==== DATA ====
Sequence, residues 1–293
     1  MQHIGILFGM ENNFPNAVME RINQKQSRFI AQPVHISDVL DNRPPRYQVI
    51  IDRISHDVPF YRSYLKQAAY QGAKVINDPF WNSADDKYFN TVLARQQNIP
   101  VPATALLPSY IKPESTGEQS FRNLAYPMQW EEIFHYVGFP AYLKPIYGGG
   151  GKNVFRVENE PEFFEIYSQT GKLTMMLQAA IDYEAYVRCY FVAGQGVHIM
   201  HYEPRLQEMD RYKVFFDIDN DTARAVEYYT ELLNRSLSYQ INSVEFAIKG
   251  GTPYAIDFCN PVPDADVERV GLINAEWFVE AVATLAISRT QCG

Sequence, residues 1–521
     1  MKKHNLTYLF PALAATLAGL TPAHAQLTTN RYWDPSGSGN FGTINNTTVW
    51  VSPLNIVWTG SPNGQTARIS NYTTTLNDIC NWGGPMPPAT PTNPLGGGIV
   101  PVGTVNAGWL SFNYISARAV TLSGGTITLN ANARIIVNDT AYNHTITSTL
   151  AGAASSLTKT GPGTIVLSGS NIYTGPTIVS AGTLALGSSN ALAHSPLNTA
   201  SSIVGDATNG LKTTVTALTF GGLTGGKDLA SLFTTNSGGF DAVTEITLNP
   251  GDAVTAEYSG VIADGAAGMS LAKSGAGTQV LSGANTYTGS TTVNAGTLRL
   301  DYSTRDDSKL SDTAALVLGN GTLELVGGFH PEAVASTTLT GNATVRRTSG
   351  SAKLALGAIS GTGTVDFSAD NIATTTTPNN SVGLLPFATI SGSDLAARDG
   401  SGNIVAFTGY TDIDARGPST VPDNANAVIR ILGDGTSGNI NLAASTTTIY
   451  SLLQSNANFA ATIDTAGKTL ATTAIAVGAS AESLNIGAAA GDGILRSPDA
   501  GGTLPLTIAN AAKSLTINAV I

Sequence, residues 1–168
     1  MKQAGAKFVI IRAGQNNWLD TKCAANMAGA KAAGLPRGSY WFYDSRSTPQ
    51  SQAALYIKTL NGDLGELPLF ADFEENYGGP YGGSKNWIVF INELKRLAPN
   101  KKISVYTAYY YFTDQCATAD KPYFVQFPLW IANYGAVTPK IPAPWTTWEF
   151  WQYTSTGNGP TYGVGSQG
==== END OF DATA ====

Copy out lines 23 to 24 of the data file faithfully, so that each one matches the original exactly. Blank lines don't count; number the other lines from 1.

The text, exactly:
   101  KKISVYTAYY YFTDQCATAD KPYFVQFPLW IANYGAVTPK IPAPWTTWEF
   151  WQYTSTGNGP TYGVGSQG